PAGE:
Approximately 80 million people in the United States – or about one in four – are infected with human
papillomavirus (HPV). HPV can cause cancer and there are vaccines that protect against cancer-related strains.
Evidence supporting vaccine efficacy and safety is robust, and vaccine availability is widespread; however
coverage rates continue to fall short of the national goal of 80% (48.6% in 2017). Understanding the barriers to
vaccine acceptance, particularly related to parent resistance and their informational needs, is key to
strengthening vaccine uptake among adolescents. Communicating evidence to parents and engaging them
through narrative strategies may address some of the barriers during the decision-making process. Parents use
social media as an important parenting tool and useful source for health information. In 2015, 75% of all parents
used social media, and of these 1 in 4 used Twitter – equating to millions of parent users. We know that using
social media data for surveillance has had early impact in public health. However, what is not known is the
effectiveness of using large-scale social media data to inform a targeted social media intervention to support
HPV vaccine uptake. This study will advance the growing field by evaluating the efficacy of an innovative
narrative-focused intervention designed to communicate evidence and information about the HPV vaccine for
parents who use social media as a health information source. The approach is informed by narrative engagement
theory that posits narratives strengthen knowledge and promote engagement through storytelling by tapping into
feelings of empathy, identification, and transportation. We will evaluate the efficacy of our Twitter-based pilot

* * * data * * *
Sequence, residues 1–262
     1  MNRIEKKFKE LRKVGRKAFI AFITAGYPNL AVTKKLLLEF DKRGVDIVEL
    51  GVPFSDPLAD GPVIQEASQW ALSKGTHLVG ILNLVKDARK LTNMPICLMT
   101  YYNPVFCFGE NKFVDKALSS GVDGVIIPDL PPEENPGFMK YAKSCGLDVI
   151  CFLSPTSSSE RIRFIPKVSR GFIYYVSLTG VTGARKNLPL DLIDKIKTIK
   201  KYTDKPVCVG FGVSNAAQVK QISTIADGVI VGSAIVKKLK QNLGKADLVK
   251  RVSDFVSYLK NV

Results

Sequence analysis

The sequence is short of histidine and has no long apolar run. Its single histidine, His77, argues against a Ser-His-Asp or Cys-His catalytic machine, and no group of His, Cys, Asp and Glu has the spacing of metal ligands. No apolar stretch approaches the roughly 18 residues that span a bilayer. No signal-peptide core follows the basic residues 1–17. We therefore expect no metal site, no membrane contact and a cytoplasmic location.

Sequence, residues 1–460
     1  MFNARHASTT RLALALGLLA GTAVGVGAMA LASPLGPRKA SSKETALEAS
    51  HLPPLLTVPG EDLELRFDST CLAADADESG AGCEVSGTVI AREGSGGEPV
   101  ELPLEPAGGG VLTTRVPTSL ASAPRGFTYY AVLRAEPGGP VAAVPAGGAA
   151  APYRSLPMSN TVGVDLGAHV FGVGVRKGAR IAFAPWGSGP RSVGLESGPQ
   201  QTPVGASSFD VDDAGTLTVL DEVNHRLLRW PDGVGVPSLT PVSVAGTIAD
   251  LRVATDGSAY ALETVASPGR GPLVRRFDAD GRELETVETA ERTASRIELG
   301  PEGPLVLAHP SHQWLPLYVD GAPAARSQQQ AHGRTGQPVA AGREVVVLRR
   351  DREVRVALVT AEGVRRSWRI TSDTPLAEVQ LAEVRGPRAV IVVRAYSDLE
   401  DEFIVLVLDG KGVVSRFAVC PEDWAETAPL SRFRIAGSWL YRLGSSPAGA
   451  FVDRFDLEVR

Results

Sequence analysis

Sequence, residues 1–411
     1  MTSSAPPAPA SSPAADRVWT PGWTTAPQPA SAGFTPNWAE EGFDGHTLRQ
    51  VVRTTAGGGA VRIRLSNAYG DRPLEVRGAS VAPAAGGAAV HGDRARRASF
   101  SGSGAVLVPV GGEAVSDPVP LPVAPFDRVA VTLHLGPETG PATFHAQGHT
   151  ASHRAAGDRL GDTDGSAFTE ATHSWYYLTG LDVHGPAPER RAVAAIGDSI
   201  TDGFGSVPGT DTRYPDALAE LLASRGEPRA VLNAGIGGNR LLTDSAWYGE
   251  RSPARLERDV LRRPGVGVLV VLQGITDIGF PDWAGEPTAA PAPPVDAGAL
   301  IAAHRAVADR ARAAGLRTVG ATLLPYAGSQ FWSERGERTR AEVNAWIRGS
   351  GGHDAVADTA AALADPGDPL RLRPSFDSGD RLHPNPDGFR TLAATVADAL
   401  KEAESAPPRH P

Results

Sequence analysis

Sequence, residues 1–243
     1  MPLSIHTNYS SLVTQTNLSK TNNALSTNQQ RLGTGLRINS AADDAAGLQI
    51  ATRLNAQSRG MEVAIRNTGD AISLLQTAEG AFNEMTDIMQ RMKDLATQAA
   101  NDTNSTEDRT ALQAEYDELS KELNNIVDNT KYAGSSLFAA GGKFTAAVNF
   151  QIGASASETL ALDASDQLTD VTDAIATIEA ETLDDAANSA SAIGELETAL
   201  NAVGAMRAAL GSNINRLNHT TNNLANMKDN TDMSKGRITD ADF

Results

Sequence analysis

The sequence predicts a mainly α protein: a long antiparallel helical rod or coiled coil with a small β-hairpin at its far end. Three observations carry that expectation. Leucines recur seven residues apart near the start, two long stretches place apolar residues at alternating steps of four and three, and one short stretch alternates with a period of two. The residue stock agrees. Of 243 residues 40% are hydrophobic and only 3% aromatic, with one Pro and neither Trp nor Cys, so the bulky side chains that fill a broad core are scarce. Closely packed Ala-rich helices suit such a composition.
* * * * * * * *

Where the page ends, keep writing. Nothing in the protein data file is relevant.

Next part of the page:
intervention in a randomized controlled trial that will enroll 600 parents/caregivers of children ages 9-14, whose
child(ren) has not started the vaccine series. Our central hypothesis is that exposure to narrative-focused
exemplar messages will lead to greater intention to vaccinate, and subsequently increased rates of vaccination
in the intervention group compared to parents in the comparison group, who receive non-narrative HPV vaccine
information (i.e., existing HPV vaccine information developed for Twitter). We will use a Twitter-based
Community Advisory Board, virtual focus groups, and existing Twitter messages developed by the HPV
Roundtable to inform narrative-focused message development. The proposed study will address three specific
aims: 1) Develop narrative-focused scientific exemplars for HPV vaccine communication utilizing existing online
messages and community engagement on Twitter; 2) Quantify differences in engagement, intention to vaccinate,
and self-reported vaccination between parents exposed to the narrative-focused scientific exemplars and parents
exposed to non-narrative scientific messages; 3) Collect and analyze longitudinal participant metadata to
measure Twitter activity during the study period. This study will impact the field of cancer prevention generally
and HPV vaccination specifically by establishing the efficacy of narrative-focused health messaging campaign
on social media, using a Twitter-based parent-engagement strategy.
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